Over the next five years the Middle East and Caspian region is expected to hold the largest share of offshore global oil and gas production, followed by Latin America at 19%. In both regions national oil companies are driving development. Saudi Aramco's Manifa Phase 2 and the National Iranian Oil Co.'s South Pars are the largest prospects to enter production offshore Middle East. In Latin America, Petrobras is expected to lead global deepwater production during the timeframe, developing fields such as the presalt Sapinhoa North (BM-S-9) (Ex Guara), and phases 1-3 of the giant Lula prospect. Indeed, with a global share of 36% of oil and gas production (bpde) onstream during the period, national oil companies are expected to play a vital role in field development going forward. Simultaneously, independent companies, such as Noble, with prospects offshore Israel and the Mediterranean, Lukoil, with its Caspian Sea prospects, and Tullow offshore Ghana, are also expected to hold an increasing share of production.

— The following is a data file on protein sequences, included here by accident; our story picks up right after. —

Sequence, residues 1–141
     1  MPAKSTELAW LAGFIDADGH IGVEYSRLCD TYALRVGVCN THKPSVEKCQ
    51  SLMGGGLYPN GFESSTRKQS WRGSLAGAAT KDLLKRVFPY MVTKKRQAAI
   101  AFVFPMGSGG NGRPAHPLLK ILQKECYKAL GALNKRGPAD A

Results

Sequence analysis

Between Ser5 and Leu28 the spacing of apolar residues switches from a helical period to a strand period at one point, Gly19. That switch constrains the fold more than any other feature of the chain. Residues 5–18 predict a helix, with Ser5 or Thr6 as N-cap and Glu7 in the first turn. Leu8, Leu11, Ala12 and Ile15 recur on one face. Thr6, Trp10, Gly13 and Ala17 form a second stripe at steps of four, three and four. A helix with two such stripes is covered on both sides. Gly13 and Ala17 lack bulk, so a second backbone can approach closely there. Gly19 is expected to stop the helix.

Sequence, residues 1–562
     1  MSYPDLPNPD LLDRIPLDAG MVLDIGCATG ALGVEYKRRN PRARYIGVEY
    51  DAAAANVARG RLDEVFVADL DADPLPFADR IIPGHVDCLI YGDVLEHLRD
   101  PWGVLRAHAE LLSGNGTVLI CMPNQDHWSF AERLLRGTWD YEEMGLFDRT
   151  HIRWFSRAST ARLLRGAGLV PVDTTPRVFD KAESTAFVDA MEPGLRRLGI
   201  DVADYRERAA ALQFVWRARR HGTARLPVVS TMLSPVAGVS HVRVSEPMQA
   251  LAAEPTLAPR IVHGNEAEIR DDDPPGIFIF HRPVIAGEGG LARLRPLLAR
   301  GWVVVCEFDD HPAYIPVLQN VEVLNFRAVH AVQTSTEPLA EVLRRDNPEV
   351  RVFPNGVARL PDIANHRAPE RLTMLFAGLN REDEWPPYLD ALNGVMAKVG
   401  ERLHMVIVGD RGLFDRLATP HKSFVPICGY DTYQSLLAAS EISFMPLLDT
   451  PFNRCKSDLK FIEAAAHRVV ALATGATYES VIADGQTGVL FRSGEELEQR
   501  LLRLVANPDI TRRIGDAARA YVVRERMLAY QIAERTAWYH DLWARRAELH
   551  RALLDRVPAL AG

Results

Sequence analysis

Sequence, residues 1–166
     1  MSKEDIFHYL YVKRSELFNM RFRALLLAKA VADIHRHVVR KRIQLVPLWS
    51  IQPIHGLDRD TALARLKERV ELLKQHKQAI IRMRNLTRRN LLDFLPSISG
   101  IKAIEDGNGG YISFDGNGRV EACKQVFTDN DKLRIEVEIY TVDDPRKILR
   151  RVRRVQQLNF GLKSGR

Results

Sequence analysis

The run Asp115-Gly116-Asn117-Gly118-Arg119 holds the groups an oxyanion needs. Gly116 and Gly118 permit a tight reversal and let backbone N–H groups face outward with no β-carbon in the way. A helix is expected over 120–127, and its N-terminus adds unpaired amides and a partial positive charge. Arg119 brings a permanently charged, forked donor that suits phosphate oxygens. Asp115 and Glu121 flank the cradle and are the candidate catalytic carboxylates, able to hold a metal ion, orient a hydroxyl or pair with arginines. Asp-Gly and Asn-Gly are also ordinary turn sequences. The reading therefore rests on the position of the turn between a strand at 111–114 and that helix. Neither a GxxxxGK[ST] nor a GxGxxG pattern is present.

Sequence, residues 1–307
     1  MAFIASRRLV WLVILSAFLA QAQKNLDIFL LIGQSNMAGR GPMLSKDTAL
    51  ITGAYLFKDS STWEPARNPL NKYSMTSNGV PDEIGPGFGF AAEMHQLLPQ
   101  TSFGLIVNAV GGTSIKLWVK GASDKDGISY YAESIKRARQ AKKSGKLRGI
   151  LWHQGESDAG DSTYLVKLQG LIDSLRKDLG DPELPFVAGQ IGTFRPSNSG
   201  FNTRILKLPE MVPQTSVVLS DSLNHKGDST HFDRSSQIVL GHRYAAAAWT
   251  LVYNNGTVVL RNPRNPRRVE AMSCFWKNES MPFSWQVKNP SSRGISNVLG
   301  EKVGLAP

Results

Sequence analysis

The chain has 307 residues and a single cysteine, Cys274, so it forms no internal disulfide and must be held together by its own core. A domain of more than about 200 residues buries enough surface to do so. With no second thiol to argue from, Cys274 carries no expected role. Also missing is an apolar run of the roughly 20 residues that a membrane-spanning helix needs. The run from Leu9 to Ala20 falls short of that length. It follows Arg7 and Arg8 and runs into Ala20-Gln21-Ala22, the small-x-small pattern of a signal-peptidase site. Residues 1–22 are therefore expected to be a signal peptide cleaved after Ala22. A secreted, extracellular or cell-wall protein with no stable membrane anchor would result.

Africa comprises a 14% share of production going toward 2016, with the largest field developments anticipated to be Total's deepwater Egina and Usan, offshore Nigeria. Infield Systems also expects developments offshore East Africa (Tanzania) to commence, while exploration within this area is to continue to rise substantially going forward. Developments within the European region are to be led by Norway's Statoil, including the Johan Sverdrup field, to be developed via a fixed platform, and the giant deepwater Luva. Asia is forecast to comprise 17% of additional production capacity during the forthcoming five years, with 85% of developments located at water depths less than 500 m (1,640 ft). Offshore Australasia, ExxonMobil's giant Jansz gas field development is due onstream in 2014. Within the North American region, the Gulf of Mexico is to comprise 65% of new production onstream. With a resumption of drilling activities, the largest project on the horizon looks likely to be ExxonMobil's Hadrian North at a water depth of 2,250 m (7,380 ft).
– Catarina Podevyn, Associate Analyst, Infield Systems Ltd.
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